After you become familiar with the calls, then it is quite likely that you will feel that this is the case. There may be opportunities to take more complex calls or to expand your role into other areas of call handling (this may include a different type of call or outbound instead of inbound!). However, many agents set themselves personal challenges to improve their figures or have little competitions with others in their team to help keep them interested. Career Opportunities An experienced Agent can also get involved in helping to buddy new Agents or to become a Coach for a Team. Both these roles are very important and can be a stepping stone towards becoming a Team Leader. Many individuals have been able to use the role of an agent as a stepping stone to other roles within an organisation, but remember that if you have just joined a company, then this may not happen for at least a year if not longer.
Call centres produce a mountain of management information from the technology that it uses. As explained before the resource planning and costs of a centre are based around simple statistics such as the average call duration and % of time spent answering calls. Agents are usually given their stats on either a daily or weekly basis, which may make some Agents feel under pressure, but many Agents use it as a way of challenging themselves to achieve. The quantitative statistics should not be the only thing used to measure an Agent, but also the quality and effectiveness of the service they provide!
More and more call centres need people to work only certain hours to meet the needs of callers. For this reason, they are often a good source of part-time work and can provide a wide range of hours to suit individual needs. For example, as the busiest time of day is usually between 10 am and 12 noon, centres are likely to offer contracts from between 9.30 – 1 or 2 p.m. or weekends and evening shifts. It is worth asking if these types of working hours are actually available. Some centres will also enable you to bank some hours in order to take off at another time.
One of the difficulties in call centres is meeting the needs of all the agents as well. As they often provide work for parents with young children, there is usually a high demand for time off at school holidays, this can on the upside also provide additional working hours for others such as students.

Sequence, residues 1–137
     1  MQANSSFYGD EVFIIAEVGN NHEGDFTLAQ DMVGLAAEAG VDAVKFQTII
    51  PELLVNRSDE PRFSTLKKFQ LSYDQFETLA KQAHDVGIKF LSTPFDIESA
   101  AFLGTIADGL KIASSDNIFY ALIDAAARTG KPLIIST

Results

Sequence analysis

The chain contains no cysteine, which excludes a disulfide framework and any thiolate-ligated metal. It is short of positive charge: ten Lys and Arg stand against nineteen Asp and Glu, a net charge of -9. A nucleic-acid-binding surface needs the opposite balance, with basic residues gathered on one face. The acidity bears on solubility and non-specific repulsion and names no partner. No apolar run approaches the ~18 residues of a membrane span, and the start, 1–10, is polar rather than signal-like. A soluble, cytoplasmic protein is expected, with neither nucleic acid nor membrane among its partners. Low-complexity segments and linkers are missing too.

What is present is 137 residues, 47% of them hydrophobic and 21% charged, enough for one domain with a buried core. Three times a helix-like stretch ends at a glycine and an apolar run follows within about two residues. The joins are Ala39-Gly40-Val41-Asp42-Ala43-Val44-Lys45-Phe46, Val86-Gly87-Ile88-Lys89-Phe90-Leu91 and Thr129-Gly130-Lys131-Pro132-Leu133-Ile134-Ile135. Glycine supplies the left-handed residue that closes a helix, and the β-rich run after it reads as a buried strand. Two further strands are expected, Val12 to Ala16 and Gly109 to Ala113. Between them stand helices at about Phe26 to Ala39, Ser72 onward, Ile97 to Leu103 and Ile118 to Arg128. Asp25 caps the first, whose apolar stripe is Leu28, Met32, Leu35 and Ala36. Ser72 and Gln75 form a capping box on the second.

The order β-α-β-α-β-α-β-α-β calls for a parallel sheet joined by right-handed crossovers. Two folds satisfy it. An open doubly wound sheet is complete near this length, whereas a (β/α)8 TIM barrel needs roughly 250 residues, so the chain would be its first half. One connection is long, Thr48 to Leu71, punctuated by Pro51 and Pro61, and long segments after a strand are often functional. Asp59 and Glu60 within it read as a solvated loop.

Within a call centre where a large number of people work together secrets can rarely be kept or very few things go unnoticed, so be careful about what you do or say. I worked with a centre where a person always took the last Friday of the month off. It was known that their boyfriend came back that weekend from working away. The person was disciplined as a result.
Busy Periods of Time
Within a centre the busiest periods are typically between 10 am – 12 noon and on a Monday. Agents should be aware that centres try to maximise the number of people taking calls during this time period in order to help achieve the service levels. If performance is poor during this time, then customers do get more irate and the whole day becomes more difficult. Good agents, will be mindful of the importance of focussing their efforts during these busy periods which may not appear to be acknowledged by the Manager but is usually not missed by them.
Sickness and Absenteeism
Most centres have clear and what might appear to be strict processes for monitoring and managing sickness and everyone is expected to conform to these practices. The practice has often been put in place because of a small number of people taking time off for what are not always genuine reasons. This does put intense pressure on others in the centre, so to ensure people were treated fairly and consistently, these policies were put in place.
Terms & Conditions of Employment
These are in place to protect you and to set out what is expected of you. It is a formal contract and the breaking of it, can have serious consequences for both the individual and the company. You should be aware of what this covers and understand the rights, policies and procedures of the company. Within a call centre, certain behaviours are so unacceptable that they can lead to disciplinary action or dismissal, one of the most common areas is abuse or overuse of internal email or the internet. If you do have an issue, then talking to the HR resource for advice or support is important as they have a welfare role to perform.
Many thanks to Paul Weald for providing this information.
This is really informative to people considering call centre as a career development. Thank you for putting this up.
Thanks a lot Paul, this is a well thought-out write up about the call centre. I’ve Been in there for over 3 years now.